Tesla has proven that there’s bad investment advice, then there’s the advice you get from Sarah Palin. TMM think ultimately better battery technology is a great leveller in EVs much like cheap polysilicon was for solar. TMM think the Suntech chart from 2007 may be instructive here. Some of us were long but are no longer. Tesla worth more than Fiat? Short term that price action has got “dotcom” written all over it. 

On general asset price rises – QE is fuelling asset price rises but doing little  for income. In fact income ratios are falling as asset prices rise. Great for holders of capital but until they withdraw it to spend, the gap of wealth between poor and rich continues. QE has to reach income before it works. TMM have been wondering if just bypassing all the links and handing £5000 to every head of population would be quicker and benefit the poor over the rich.

Commodities:- TMM note that while equities are now trading on concerns of QE, zero financing etc much as commodities did in 2009, commodities are now trading on FUNDAMENTALS. Fancy that. Note crosses like Palladium / Silver – the former will stop being produced at these prices as every South African mine goes under, the latter falling due to structurally declining demand trends ex hoarding which also happens to be going backwards. Its a pity all those commodity funds are getting redeemed just at the time having any expertise has value but that’s life with hedge fund allocators we suppose.

TMM are also wondering if speculation can hold inflation lower than it where it naturally should be. As the speculative drive into commodities, especially oil, seven years ago drove up actual inflation, perhaps the expectation of no/low inflation drives speculative positions into short commodity trades that feed through into real low inflation. If so, they are winding up a coil for a sharper snap back in inflation when the time comes.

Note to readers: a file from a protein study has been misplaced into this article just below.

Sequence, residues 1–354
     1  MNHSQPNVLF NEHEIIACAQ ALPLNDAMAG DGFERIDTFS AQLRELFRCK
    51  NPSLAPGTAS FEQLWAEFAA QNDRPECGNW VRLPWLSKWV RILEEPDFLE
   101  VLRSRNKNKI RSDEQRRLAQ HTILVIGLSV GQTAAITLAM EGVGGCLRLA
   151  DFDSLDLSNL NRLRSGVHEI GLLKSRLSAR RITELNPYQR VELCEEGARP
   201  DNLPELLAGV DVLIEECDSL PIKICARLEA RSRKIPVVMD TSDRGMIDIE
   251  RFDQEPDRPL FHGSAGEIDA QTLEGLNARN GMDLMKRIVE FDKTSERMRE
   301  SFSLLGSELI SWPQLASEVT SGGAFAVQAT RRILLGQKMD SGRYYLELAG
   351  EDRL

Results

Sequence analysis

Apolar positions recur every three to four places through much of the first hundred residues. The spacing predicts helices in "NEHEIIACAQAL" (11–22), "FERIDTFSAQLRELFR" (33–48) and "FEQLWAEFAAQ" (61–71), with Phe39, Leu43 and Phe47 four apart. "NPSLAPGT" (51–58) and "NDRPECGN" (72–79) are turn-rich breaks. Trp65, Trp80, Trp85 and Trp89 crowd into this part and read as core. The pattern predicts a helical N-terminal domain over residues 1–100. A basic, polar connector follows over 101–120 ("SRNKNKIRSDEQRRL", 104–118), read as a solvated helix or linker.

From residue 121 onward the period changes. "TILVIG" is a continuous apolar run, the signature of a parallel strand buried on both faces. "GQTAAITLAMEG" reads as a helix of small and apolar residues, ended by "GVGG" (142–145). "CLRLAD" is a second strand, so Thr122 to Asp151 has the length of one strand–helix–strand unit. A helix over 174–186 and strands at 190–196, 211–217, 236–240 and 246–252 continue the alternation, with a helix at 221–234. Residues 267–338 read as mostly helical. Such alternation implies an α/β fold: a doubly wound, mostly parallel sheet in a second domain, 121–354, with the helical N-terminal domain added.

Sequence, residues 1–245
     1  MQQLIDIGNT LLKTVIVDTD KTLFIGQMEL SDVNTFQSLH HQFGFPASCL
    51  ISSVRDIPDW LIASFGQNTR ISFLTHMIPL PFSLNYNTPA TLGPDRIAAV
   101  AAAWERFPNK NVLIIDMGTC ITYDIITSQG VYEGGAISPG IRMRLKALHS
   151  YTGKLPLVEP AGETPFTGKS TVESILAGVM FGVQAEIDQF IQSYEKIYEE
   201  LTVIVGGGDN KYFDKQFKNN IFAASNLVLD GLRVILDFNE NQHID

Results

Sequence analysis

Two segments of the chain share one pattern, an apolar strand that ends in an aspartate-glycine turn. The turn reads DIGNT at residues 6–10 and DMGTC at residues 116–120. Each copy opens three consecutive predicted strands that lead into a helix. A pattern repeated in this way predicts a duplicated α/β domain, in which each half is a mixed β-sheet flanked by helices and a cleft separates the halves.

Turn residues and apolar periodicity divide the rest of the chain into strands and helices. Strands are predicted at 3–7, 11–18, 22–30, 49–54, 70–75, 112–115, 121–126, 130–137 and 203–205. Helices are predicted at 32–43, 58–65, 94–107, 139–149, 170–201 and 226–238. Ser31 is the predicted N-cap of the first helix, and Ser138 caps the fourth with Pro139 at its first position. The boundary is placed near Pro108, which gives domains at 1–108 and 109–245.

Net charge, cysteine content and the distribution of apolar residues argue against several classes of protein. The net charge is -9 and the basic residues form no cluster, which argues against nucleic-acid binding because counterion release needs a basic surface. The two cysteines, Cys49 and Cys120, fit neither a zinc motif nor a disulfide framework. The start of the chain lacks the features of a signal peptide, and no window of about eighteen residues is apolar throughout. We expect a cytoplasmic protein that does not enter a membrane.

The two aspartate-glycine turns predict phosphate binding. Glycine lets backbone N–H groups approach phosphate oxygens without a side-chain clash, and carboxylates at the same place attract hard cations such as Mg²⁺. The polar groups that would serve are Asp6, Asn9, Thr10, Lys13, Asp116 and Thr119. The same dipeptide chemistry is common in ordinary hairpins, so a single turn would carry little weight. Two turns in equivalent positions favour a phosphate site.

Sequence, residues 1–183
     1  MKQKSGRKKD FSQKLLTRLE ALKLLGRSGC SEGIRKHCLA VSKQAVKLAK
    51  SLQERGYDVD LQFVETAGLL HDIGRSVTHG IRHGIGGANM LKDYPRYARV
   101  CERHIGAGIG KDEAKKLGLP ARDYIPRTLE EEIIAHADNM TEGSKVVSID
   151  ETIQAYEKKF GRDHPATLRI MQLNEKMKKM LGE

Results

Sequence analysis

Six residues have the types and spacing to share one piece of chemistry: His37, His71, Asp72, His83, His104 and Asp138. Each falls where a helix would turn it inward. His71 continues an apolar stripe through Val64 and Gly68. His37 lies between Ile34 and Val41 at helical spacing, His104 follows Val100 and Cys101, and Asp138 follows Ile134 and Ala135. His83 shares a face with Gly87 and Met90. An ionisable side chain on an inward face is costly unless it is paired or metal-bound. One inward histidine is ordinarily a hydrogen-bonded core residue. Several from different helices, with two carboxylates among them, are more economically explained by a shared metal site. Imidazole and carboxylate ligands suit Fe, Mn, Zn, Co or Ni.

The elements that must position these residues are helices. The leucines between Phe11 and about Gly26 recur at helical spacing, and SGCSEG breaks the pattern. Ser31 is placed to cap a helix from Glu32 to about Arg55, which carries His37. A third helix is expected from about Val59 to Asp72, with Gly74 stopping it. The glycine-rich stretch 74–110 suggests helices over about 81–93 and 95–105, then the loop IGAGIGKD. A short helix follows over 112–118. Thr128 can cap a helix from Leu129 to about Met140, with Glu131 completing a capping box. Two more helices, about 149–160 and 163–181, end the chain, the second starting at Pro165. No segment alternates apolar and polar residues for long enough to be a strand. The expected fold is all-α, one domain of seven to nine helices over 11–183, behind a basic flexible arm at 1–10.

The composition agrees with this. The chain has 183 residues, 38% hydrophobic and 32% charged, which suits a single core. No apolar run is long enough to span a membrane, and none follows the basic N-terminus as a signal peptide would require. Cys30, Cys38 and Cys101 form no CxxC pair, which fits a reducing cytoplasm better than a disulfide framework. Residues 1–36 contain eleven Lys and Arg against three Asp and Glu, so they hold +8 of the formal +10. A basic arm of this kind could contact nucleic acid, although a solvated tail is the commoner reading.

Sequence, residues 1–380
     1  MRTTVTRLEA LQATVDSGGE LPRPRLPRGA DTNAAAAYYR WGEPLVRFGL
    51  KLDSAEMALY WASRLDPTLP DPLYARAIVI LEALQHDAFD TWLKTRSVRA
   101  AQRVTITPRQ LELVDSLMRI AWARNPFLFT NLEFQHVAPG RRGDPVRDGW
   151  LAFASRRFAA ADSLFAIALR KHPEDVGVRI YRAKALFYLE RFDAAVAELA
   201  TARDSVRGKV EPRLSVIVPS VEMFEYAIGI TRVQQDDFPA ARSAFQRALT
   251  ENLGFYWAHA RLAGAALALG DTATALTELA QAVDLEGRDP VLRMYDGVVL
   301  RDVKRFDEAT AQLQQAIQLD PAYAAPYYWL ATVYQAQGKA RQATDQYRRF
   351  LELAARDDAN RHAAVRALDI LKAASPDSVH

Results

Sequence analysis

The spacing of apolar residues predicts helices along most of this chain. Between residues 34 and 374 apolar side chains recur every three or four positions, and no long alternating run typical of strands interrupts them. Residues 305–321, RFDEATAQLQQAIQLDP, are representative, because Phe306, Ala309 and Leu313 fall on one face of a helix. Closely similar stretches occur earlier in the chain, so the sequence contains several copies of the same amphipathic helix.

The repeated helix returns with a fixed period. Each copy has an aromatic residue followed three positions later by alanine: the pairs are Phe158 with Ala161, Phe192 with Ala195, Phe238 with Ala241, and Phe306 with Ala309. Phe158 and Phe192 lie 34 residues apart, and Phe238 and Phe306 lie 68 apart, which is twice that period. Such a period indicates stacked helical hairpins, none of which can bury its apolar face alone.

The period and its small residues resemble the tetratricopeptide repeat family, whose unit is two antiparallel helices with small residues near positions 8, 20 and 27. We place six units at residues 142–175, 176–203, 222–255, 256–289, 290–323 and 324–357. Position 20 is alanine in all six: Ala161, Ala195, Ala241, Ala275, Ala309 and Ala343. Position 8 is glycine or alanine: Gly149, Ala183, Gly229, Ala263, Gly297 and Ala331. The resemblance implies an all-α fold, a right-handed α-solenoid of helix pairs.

Finally for all those long Nikkei / yen hedged – Been a good ride hasn’t it? But crowing demands beer buying for the house

March 9, 2013

NFP Day is Here: Friday Charts to Watch

Filed under: Technical Analysis — Tags: , , , — admin @ 3:06 am

Good morning. The euro had a good run yesterday after Draghi’s comments, who said that eurozone’s economy will stabilize this year. EUR holds onto gains ahead of today’s NFP data. EURUSD Yesterday I was rather expecting this former resistance range between 1.3050-1.3100 to hold, but after such strong declines – “more-than-modest” or even strong corrections Read More